PRIVATE JOHN HENRY ADRIANCIE: KIMBERLEY VOLUNTEER REGIMENT
QUEENS SOUTH AFRICA MEDAL
CLASPS: CAPE COLONY (ENTITLED TO TRANSVAAL AND SOUTH AFRICA 1902)
CONDITION: VGF. SILVER TONE TO OBVERSE AND RIM. BLACK TONE TO REVERSE.
Following on from Meurig's online presentation regarding "state and date" QSAs, I have recently acquired the above mentioned example for a very reasonable cost.
The value of knowing the military service of the recipients of the QSA and the engagements of the units in which they served is typified with this humble medal which, today, bears a single clasp.
From my research John relocated to Rhodesia for a time and so his clasps were not received by him as no trace could be found of him. Hence the single clasp.
The units John served with as follows:
Bechuanaland Rifle Volunteers. Served as Trooper 32557 from his attestation at Kimberley on 17th April 1901. His discharge date is not entered into the Nominal Roll.
Kimberley Volunteer Regiment as 1134 Private as impressed to his QSA. His time with the previous unit appears to have been a very short engagement as his attestation date for KVR is given as 18th April 1802! He took his discharge on 5th February 1902.
Ashbburner's Light Horse. 40270 Trooper Adriancie enlisted at Kimberley on 6th February 1902 remaining with Ashbburner's until their disbandment on 24th March 1902. A short abbreviated entry in the Nominal Roll appears to comment "character VG". There are not many entries of that type on the roll, so I think it safe to assume that John was a fair solidier. Medal Roll WO100/236 confirms entitlement to clasps Cape Colony and Transvaal.
Kimberley Light Horse. His final stint of soldiering was as numbered 261 and 41970, attesting at Kimberley on 8th April 1902 until disbandment after the cessation of hostilities on 30th June 1902.
There is nothing unusual about having served with four different units during the Anglo Boer War. However, when the movements and actions of Ashbburner's is studied, John's time with the unit would include the fateful action where 126 men of the ALH were involved in the debacle at Tweebosch where they suffered 12 men killed in action and a further number, at least a dozen, wounded. The section were part of a column under the command of a Major Paris which was attacked by a commando under De La Rey. Other units involved included Cape Police, Dennison's Scouts, Cullinan's Horse and Imperial Yeomanry.
The police and infantry held their ground until killed, wounded or captured. Apparently, the mounted infantry skedaddled turning the skirmish into something of a rout
I can find no evidence of John Henry Adriancie being wounded or taken prisoner, so was he present at the action and escaped, or was he part of the exodus? I can only speculate these scenarios, but it is possible according to the dates and he did live to tell the tale..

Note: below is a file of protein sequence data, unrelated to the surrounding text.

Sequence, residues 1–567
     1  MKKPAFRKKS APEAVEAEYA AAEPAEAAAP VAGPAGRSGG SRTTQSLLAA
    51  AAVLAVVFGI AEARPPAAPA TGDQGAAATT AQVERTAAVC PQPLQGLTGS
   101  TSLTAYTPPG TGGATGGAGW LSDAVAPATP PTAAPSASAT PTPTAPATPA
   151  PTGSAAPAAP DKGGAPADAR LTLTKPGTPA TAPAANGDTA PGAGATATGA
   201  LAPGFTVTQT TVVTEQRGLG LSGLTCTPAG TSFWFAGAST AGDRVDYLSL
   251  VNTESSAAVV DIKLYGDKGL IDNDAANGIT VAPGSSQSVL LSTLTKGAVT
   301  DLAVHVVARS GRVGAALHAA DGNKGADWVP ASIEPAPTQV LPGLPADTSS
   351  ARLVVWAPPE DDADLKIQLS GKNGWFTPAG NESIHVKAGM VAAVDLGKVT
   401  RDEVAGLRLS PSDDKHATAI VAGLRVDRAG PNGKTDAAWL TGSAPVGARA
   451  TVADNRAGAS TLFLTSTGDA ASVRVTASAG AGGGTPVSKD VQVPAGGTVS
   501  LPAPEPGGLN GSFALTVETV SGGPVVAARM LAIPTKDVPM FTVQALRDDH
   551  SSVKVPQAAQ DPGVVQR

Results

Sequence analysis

MORE ON JOHN TO FOLLOW LATER TODAY, PLEASE TAKE ANOTHER LOOK.
Many thanks to David for posting the attestation paper for John, the information thereon has helped me to confirm other biographical information that I have to hand.
John Henry Adriancie was born in the Cape Colony sometime in 1862, he was of mixed race as confirmed by his attestation and death certificate.
He married Sophia Isabella Magdalena Rinner at Christ Church, Beaufort West on 18th September 1883.
18th April 1886 saw the birth of their first child, a daughter, at Beaufort when John is described as a Porter by occupation.
He had upgraded his career to the position of Railway Guard when their second daughter, Phoebe Cecilia was born in Beaconsfield on 18th June 1897.
John now volunteered for war service during the Anglo Boer War as detailed in my previous post. He would have been a big strong lad by the average of the day at 5'9" tall and around thirteen stones in weight. Also being in the trade of Blacksmith would no doubt have added to his physical strength and also made him an expert with horses. So, in summary, a useful sort of a bloke to have serving in your unit!
Long after the cessation of hostilities, we find him still employed in the railway industry, now as a Ganger. A third daughter by the name of Cornelia Khami Rhodesia was born on the 10th of September 1904 at Sandown in Rhodesia. This would account for why ' no trace' could be found of him in South Africa for delivery of the two clasps missing from his QSA.
I have found a death certificate for a man of this name recording death by heart attack on 13th December 1953, but his age as 69. Maybe this is in error as his would not be a common name.